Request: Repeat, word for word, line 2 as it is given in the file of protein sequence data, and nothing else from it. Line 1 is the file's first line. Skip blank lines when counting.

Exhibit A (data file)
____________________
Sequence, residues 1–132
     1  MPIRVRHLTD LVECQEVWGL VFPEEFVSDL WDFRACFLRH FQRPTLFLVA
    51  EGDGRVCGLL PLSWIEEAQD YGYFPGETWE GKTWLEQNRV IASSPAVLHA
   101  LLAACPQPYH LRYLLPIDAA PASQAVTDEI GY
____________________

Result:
     1  MPIRVRHLTD LVECQEVWGL VFPEEFVSDL WDFRACFLRH FQRPTLFLVA